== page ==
Consider the message, the intended audience and how they will respond to it when deciding if your CEO is the right messenger. I’ve previously highlighted Marriott CEO Arne Sorenson’s excellent video message as an example of an effective crisis communication. In it, he matter-of-factly foreshadows significant job reductions as a difficult but necessary result of the pandemic’s impacts on their business.
This is exactly the kind of message a CEO needs to deliver during a crisis. Delivering the news to a specific employee whose job is impacted is not an effective use of the CEO’s voice. As a general rule, the bigger the issue, the more appropriate it is for the CEO to address. Smaller, more granular issues should be handled by other credible voices.
Managing Inputs and Outputs
An additional important aspect of scaling your CEO is effectively managing inputs and outputs. We’ve stood up many crisis communications war rooms. At its core, what we’re doing is simply managing inputs and outputs. We use a fixed agenda to ensure that we manage all of the required issues that come in. We stay disciplined to keep the CEO informed of only the most important.
Inputs are information reported by various departments, press inquiries, social media, stakeholder reactions and information regarding remedies that are put in place. Outputs are the messages that you’re sharing internally to your people and externally with the public. As a collective team, we synthesize the information and share only the critical inputs and outputs with the CEO. That way the CEO is not mired in details and messages that aren’t appropriate to their leadership level.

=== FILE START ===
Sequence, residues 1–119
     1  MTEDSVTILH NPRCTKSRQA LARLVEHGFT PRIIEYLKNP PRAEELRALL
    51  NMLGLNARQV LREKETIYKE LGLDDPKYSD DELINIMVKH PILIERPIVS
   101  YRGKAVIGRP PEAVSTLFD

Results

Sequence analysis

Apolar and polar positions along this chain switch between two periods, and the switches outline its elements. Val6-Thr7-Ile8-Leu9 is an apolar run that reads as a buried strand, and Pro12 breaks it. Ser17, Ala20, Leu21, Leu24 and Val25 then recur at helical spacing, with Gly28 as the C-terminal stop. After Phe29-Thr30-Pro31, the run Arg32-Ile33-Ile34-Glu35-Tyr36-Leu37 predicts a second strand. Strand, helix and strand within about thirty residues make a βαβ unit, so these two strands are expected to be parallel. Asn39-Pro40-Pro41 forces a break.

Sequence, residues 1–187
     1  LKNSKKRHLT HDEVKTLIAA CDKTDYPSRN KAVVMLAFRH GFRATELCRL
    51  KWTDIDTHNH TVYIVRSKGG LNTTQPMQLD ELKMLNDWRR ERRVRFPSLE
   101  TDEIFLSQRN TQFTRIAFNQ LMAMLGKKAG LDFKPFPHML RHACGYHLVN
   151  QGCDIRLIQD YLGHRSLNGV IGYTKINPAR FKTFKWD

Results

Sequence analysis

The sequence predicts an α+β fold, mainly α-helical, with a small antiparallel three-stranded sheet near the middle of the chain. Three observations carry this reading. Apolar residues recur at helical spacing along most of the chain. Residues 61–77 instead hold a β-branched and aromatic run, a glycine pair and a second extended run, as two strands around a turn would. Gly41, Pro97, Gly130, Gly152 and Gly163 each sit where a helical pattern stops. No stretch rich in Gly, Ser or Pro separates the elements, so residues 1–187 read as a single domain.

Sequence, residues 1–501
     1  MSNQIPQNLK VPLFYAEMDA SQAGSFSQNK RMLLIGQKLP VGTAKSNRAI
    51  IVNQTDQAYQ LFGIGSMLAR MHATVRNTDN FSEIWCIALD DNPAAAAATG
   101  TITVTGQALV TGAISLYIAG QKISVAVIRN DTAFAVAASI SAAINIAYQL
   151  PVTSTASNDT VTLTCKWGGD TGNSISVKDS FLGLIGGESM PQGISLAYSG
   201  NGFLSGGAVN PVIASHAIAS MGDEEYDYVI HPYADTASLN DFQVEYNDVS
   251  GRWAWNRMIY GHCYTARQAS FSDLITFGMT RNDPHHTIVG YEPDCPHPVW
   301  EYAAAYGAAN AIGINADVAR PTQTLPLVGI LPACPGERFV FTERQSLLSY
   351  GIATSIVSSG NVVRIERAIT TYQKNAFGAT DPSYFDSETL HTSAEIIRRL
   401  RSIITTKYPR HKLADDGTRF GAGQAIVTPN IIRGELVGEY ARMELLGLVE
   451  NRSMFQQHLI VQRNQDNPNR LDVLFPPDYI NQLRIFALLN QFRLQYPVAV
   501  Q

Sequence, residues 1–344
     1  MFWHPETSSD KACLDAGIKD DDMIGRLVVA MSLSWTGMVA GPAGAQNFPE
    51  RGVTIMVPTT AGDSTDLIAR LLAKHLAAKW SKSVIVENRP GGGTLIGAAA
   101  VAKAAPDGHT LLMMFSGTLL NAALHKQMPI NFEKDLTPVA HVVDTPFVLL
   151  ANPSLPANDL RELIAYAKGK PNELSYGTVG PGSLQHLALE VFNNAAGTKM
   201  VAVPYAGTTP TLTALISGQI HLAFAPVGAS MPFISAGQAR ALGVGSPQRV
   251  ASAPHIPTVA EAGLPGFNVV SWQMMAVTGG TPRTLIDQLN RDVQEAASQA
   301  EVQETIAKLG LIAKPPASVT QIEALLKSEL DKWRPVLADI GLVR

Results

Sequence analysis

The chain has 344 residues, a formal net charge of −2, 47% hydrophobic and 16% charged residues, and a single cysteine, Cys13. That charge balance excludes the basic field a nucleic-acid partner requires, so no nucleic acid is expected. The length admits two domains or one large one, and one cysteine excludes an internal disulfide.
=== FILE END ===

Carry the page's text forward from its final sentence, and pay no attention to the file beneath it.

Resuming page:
Think of the dimmer switch. The war room team has the light turned all the way up so we can see every detail. We dim the lights for the CEO so they only see the most important things.
The second thing that is helpful to stay away from the minutia is to keep your CEOs focused on mission and values.
Kith’s Equation for Crisis Success posits that mission and values plus chain of command equals speed, and speed is the key differentiator between good and great crisis communications. Giving your CEO the appropriate outputs to review, evaluate and understand lets them to focus on mission and values. Through this lens, they can align their decisions and actions with what matters most from a mission and value standpoint. This also gives CEOs a clear head to make sure that the right people are involved, which is what we mean by chain of command.
If your CEO is focused on minutiae – like President Carter scheduling the tennis courts – then speed in responding will suffer, and reputation along with it.
Scaling your CEO means using a dimmer switch: reserving them for the right messages, managing inputs and outputs, focusing on mission and values and then finally being clear on your chain of command. Scaling your CEO keeps them out of the weeds. This enables them to make the best decisions and be the leaders that they need to be in very difficult situations.
- Scaling your CEO ensures their appropriate involvement in communicating and leading your response to a crisis.
- Take a dimmer-switch approach to using your CEO as a crisis messenger.
- Manage inputs and outputs so your CEO can focus on the big issues, not the minutiae.